Folks at french consulting firm FaberNovel have released a pretty extensive study on Google' s key success factors.
For all of us who use Google' s stuff all day long at the office, at home, or on the road (iPhone 3G' Maps, anyone ?), this is a must read. As TechCrunch' Ouriel Ohayon stated : "It is hard to realize the real nature of this just 10 years old giant given the number of services it has continuously released, updated (and sometimes shut down) or acquired."
Like millions of others on the Planet, I'm using lots of the products that come out Mountain View. Search, GMail, Docs, Maps, YouTube, Picasa, you name it : all apps everybody working in a pure paperless/collaborative/open environment can't miss.
Like a bit less of other 'Telecoms' folks down there, I'm also convinced that Google is the only company able to massively invest into the Ultra-Broadband industry in order to build the open neutral access networks that are the true foundation of the Information Age. FaberNovel's white paper gives an accurate perspective on that :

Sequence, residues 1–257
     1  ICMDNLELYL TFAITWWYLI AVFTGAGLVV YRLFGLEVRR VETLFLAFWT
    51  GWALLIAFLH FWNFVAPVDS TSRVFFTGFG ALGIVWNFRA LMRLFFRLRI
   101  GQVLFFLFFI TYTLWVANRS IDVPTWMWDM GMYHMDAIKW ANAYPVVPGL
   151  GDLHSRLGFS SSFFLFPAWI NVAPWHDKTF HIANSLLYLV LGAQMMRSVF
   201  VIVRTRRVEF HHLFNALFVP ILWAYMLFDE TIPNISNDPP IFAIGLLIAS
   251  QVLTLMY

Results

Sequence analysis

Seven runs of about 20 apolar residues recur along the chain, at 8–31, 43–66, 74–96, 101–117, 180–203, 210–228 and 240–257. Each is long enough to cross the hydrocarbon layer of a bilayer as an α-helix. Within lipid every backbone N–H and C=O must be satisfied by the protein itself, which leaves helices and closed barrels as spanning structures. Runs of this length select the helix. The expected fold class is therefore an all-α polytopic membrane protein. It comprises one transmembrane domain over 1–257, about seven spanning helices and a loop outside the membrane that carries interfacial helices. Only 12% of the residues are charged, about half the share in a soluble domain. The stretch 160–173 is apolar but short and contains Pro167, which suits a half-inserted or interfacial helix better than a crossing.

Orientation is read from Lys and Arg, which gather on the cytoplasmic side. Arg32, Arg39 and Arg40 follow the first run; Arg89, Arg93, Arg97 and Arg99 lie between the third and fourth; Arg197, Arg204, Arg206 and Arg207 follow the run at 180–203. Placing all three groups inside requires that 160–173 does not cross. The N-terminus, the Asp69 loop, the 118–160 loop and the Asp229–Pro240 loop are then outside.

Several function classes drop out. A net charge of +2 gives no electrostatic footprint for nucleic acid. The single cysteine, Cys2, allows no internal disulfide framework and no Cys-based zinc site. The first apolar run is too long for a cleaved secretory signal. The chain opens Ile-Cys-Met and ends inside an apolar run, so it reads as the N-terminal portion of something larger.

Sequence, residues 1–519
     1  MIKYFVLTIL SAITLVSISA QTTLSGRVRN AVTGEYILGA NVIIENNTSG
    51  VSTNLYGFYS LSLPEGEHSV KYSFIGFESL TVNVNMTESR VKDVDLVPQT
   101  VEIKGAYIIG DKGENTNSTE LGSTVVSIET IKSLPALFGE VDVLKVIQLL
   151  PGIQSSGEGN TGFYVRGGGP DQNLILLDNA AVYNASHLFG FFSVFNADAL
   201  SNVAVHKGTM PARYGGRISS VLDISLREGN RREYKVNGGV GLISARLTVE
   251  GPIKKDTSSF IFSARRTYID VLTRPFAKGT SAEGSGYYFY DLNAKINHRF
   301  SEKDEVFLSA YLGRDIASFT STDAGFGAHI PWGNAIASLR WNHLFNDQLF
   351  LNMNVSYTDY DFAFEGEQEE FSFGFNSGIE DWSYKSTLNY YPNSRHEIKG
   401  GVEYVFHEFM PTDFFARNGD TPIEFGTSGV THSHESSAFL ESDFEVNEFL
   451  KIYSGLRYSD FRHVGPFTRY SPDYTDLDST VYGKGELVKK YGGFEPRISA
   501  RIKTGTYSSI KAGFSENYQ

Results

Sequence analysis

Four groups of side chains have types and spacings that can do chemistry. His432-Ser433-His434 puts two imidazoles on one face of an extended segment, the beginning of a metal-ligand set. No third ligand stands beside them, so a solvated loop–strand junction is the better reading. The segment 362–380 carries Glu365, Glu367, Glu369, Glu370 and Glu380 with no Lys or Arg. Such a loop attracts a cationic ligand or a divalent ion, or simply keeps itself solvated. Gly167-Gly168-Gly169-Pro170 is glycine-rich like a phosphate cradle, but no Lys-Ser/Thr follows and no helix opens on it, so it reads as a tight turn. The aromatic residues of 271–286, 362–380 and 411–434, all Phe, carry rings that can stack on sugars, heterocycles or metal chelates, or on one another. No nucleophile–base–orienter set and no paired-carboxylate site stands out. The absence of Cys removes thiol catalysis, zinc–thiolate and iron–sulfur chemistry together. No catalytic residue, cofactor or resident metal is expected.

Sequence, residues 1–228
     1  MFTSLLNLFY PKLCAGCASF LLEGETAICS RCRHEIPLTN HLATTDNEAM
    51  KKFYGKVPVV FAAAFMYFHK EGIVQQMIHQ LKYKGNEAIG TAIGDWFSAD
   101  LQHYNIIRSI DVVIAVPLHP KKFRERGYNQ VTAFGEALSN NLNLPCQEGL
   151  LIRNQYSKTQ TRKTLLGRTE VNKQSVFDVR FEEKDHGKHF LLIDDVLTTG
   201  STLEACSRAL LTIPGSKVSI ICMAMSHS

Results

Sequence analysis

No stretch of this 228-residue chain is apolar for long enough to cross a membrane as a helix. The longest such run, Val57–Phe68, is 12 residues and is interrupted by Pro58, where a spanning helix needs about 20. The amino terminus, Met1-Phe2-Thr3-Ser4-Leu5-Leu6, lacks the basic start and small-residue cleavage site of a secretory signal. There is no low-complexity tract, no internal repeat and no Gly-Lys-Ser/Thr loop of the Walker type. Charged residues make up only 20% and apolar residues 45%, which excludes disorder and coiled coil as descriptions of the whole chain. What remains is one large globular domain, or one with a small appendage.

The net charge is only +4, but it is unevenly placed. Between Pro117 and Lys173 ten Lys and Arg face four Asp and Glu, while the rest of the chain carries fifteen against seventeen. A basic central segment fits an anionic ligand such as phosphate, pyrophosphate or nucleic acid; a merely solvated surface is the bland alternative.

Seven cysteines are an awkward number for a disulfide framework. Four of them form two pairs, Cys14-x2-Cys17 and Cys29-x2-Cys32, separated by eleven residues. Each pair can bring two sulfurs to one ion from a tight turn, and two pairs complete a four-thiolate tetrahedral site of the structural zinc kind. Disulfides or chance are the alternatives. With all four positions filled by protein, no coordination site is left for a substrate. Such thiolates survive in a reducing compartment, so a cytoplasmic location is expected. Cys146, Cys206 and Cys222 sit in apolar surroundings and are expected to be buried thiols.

"Internet infrastructures are a free provider for Google: the search engine indirectly benefits from Wifi providers, cable and satellite operators or backbone manufacturers who all subsidy the access of users to the Internet. On a macroeconomic scale, Google is becoming dependent on this value chain and must secure its providers.
Google is consequently driving towards infrastructure investing. This trend is aiming
at a multiple goal:
-Ensuring long-lasting existing infrastructures
-Giving access to the Internet for non-connected populations and countries
-Offering high-speed and permanent access to the World Wide Web."
Why ? Simply because the more people on Earth will be connected to the Internet spending their whole life online, the more revenues will flow to Google. That's why we see all those lobbying efforts by the G'Mens on Broadband matters. IMHO, the R&D spendings on new optical communication gear, such as new fibers, new systems, new install methods, etc, are worth the money: as far as the unique rule at Google: "change the rules" is concerned, the ROI return on investment promise to be quite fast anyway.
Is this a good or bad thing, for having such a giant involved in almost every aspect of our online activities ? Maybe Google is the true Evil of the James Bond' franchise. Maybe not. Let's give it a try anyway...
Download the white-paper and/or the slides set here.
Contact FaberNovel here (link in french).